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Ancient shipwreck full of amphorae discovered in the Mediterranean

In Italy, in the Mediterranean Sea near the Aegean Archipelago, archaeologists have discovered on the seabed the wreck of an ancient Roman ship filled with amphorae. A previously unknown wreck of an ancient vessel has been located by archaeologists at a depth of 98 metres near the Egadi Islands. The remains of the Roman ship
Published: January 6, 2022 - 09:00
Updated: July 22, 2023 - 23:52
Ancient shipwreck full of amphorae discovered in the Mediterranean

In Italy, in the Mediterranean Sea near the Aegean Archipelago, archaeologists have discovered on the seabed the wreck of an ancient Roman ship filled with amphorae.

A previously unknown wreck of an ancient vessel has been located by archaeologists at a depth of 98 metres near the Egadi Islands. The remains of the Roman ship were determined by researchers to date from the 4th to 5th century. Although little is known about the wreck so far, researchers have reported that the vessel was carrying a cargo of amphorae. Therefore, it is the thorough examination of the contents of the hold that may reveal more important information. For now, it is known that the amphorae are vessels of the Almagro 51c type and come from the Iberian Peninsula.

The discovery of the ancient Roman wreck is the result of an extensive research campaign around the Aegean Islands. The research was coordinated by the Maritime Surveillance Authority of the Region of Sicily, in collaboration with the non-profit organisation RPM Nautical Foundation and the University of Malta.

Newly Discovered Ancient Shipwreck

A new ancient wreck has been discovered off the Aegates Islands! The wreck appears to be Roman from the late 4th to early 5th century AD. Below is the initial side scan sonar image of the wreck and the video taken from the ROV launched from the Hercules. The wreck has an estimated 1,500 amphoras, mostly of the Almagro 51C type, produced in the Iberian Peninsula. This type of amphora was frequently used in the trade of fermented fish sauce, better known as garum. There are also 4-5 anchors visible.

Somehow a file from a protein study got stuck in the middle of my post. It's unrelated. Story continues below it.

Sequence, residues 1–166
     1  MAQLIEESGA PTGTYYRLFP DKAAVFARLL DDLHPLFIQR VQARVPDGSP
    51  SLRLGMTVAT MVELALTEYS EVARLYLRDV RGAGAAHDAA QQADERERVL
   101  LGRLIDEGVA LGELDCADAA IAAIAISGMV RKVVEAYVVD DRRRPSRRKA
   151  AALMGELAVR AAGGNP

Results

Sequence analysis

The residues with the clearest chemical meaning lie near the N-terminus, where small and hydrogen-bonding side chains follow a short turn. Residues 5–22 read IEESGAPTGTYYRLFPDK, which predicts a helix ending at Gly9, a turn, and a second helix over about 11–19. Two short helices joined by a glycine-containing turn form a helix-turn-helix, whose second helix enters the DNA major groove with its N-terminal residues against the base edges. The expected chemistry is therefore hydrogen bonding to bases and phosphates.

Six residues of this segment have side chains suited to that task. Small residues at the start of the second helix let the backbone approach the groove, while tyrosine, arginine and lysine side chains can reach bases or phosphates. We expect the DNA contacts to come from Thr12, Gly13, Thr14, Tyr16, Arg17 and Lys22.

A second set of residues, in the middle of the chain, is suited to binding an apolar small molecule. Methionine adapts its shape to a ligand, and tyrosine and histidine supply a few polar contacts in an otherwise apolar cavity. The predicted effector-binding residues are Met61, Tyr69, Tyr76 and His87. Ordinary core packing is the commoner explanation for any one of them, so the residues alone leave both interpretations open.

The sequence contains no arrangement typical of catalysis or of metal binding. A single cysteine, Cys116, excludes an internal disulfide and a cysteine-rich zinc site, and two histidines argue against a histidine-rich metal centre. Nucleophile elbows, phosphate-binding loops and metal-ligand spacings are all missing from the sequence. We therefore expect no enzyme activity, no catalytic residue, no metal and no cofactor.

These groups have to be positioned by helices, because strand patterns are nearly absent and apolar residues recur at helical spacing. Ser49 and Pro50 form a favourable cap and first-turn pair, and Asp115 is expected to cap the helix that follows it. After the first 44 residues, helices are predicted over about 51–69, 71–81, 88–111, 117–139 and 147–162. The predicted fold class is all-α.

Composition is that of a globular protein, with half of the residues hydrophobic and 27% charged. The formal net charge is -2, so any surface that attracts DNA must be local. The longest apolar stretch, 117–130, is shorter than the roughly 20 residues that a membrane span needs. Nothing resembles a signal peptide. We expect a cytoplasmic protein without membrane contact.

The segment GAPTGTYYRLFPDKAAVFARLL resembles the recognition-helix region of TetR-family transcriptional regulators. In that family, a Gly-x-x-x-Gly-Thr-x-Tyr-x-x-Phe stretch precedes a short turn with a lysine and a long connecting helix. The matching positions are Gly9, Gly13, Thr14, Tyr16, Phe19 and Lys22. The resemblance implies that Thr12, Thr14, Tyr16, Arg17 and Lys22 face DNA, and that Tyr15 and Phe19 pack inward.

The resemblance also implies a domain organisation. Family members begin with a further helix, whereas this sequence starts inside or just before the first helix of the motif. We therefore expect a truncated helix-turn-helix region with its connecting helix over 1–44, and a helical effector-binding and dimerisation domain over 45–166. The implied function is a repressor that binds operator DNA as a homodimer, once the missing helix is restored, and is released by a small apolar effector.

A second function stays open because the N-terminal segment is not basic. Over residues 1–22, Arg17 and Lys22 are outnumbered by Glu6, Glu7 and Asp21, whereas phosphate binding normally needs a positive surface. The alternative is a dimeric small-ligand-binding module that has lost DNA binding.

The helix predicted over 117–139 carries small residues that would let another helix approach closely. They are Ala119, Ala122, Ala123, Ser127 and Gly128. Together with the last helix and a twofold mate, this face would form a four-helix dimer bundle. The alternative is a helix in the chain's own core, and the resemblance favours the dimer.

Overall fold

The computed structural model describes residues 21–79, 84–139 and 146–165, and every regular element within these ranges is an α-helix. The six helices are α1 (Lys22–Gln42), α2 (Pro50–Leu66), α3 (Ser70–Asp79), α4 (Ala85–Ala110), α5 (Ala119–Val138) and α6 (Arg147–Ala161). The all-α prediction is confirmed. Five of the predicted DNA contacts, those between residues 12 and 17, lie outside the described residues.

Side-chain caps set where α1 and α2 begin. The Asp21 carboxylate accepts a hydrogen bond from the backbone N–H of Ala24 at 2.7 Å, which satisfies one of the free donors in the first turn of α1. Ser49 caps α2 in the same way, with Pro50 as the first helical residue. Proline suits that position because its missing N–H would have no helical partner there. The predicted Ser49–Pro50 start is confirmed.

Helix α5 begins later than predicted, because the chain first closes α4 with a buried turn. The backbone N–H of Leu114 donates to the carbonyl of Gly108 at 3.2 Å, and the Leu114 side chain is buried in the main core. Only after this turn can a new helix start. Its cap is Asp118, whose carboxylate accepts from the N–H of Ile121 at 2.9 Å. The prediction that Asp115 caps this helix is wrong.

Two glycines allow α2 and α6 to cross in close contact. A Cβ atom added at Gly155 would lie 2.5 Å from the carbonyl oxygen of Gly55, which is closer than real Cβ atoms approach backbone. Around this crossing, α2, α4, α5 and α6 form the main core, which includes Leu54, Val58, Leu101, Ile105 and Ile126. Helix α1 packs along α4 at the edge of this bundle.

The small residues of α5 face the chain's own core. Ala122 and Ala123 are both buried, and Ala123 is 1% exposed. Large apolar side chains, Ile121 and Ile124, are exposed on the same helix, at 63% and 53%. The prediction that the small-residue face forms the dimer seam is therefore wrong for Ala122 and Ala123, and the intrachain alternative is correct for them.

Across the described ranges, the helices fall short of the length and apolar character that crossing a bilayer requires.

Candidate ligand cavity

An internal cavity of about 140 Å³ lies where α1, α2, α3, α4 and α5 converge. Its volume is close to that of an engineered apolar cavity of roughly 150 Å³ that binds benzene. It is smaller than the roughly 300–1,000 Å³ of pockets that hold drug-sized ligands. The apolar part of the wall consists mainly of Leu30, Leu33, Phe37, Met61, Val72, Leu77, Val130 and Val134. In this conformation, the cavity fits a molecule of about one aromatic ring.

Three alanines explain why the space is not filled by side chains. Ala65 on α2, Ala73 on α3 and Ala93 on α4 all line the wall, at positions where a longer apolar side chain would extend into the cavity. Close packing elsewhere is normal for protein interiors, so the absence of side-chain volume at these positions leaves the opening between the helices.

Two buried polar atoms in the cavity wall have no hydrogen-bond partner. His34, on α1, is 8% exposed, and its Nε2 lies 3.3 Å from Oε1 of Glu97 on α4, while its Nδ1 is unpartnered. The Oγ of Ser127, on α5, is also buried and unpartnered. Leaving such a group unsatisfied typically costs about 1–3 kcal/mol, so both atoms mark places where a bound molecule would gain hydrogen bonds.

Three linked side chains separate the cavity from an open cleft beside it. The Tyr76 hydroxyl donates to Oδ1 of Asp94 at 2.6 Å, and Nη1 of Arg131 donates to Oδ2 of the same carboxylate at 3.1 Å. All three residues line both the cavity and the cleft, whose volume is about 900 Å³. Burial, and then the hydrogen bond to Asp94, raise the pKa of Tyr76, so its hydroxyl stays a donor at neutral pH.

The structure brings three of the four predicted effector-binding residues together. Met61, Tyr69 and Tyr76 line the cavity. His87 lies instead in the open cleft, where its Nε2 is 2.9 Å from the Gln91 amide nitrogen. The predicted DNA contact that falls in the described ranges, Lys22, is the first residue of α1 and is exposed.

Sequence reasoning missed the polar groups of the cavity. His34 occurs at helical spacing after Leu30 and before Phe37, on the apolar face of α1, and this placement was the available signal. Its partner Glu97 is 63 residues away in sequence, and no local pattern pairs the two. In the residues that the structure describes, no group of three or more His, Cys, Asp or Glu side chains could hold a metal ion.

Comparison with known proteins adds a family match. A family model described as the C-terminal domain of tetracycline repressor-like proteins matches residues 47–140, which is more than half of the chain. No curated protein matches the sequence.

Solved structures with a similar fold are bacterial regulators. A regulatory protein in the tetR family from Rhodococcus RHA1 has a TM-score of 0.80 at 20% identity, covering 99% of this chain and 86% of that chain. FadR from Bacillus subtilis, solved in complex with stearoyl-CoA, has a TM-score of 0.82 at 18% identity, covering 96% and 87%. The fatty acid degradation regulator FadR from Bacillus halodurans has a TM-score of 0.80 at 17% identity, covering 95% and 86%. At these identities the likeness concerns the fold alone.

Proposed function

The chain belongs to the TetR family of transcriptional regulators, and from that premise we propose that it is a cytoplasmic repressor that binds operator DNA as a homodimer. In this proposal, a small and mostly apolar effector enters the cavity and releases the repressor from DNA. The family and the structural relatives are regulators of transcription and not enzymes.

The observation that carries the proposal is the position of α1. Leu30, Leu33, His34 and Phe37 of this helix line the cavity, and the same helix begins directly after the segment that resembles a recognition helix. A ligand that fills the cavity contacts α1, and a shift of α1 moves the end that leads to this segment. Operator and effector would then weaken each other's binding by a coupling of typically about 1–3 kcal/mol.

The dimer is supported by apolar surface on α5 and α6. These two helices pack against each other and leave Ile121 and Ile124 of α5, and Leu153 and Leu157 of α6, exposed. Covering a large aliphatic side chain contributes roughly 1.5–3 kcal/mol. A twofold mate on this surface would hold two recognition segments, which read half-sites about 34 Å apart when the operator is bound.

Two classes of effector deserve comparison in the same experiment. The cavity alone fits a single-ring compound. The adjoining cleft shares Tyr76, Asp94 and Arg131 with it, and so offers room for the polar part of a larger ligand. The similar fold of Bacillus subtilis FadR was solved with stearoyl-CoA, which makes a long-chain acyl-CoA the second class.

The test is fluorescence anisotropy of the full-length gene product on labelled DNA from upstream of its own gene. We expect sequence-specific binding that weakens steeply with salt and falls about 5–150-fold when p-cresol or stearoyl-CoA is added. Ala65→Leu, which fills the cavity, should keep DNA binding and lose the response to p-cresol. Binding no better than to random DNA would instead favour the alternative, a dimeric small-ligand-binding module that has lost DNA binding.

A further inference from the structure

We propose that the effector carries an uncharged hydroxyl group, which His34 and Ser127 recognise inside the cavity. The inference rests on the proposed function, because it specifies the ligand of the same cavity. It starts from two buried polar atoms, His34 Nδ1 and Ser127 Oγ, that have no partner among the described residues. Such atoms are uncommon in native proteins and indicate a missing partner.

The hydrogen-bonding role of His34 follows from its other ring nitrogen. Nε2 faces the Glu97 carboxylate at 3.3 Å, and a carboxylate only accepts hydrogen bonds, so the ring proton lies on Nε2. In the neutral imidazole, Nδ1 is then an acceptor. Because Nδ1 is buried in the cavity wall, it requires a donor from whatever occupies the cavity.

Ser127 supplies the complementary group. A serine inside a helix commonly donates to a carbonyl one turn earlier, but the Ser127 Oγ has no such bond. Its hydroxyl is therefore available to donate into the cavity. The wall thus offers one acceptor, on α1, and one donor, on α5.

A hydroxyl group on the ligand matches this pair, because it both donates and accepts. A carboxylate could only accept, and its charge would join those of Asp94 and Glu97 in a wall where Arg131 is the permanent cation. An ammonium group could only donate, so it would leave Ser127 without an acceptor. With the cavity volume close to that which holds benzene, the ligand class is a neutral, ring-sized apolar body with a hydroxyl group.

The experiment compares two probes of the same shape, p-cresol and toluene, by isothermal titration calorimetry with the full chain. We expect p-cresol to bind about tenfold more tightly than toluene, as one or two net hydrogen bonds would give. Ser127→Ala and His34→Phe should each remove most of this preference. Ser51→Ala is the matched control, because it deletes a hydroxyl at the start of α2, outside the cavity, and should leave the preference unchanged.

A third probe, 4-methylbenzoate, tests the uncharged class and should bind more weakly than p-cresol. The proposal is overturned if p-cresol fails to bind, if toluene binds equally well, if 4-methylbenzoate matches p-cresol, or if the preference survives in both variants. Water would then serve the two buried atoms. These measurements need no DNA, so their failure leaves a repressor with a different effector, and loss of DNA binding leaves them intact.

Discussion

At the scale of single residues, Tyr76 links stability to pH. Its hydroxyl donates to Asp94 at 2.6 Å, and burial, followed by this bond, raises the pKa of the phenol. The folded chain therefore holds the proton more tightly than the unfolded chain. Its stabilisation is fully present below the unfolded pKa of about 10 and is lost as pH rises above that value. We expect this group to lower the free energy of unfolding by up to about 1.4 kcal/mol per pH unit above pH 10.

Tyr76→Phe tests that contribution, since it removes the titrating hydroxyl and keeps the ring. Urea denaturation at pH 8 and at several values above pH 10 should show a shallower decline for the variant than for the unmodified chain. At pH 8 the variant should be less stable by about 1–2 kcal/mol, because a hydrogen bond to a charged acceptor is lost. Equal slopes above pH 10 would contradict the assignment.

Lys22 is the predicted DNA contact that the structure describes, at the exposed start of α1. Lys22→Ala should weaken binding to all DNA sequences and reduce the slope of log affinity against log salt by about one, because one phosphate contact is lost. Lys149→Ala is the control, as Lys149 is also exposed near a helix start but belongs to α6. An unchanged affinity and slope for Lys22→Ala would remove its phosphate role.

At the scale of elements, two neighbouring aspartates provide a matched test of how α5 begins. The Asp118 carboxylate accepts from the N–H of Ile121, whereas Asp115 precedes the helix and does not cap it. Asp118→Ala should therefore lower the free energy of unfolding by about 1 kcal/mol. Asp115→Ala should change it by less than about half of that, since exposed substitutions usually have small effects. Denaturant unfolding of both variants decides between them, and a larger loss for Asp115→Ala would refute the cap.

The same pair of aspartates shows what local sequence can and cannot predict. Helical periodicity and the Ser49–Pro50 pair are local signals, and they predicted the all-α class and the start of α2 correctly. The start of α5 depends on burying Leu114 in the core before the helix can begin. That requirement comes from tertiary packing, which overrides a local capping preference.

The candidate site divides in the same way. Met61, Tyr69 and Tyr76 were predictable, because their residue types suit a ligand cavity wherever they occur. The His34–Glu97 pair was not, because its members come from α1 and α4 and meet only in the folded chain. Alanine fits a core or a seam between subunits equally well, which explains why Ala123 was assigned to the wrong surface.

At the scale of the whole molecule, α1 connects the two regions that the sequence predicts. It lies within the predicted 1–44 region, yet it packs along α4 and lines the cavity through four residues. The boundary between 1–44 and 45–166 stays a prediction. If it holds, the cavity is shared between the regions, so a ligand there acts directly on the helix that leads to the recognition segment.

Posted by RPM Nautical Foundation on Tuesday, August 10, 2021

The specialists conductedarchaeological research in the Egadi Islands region in November 2020 and July 2021. First, using the Hercules unit with side scan sonar, they scanned the surveyed area and they were looking for interesting objects. They then checked promising positions using a remotely operated ROV. The vehicle, equipped with video cameras, allowed them to see exactly what the archaeologists were dealing with on the seabed.

Further exploration in 2022.

This year, researchers will return to the wreck and make detailed documentation of it. Thanks to SopMare and Professor Timmy Gambin of the University of Malta, archaeologists will create a 3D image of the vessel they found in the Mediterranean. Undoubtedly, such a model will help in further research and significantly facilitate the study of the site.

The discovery is further evidence of the ongoing work we are doing on the seabed. Because our aim is to discover new submerged archaeological sites and learn more about their history. The increasing use of new technologies in the field of underwater research gives us satisfactory results. Without doubt, the discovery of a new wreck at great depth confirms the importance of intensifying international cooperation. Sicily is a precious treasure whose value lies in enriching with details the narrative of movements in the Mediterranean said Alberto Samona, councillor for cultural heritage and Sicilian identity.

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About author

Tomasz Andrukajtis
Editor-in-chief of the DIVERS24 portal and magazine. Responsible for obtaining, translating and developing content. He also supervises all publications. Achived his first diving certification – P1 CMAS, in 2000. Has a degree in journalism and social communication. In the diving industry since 2008.
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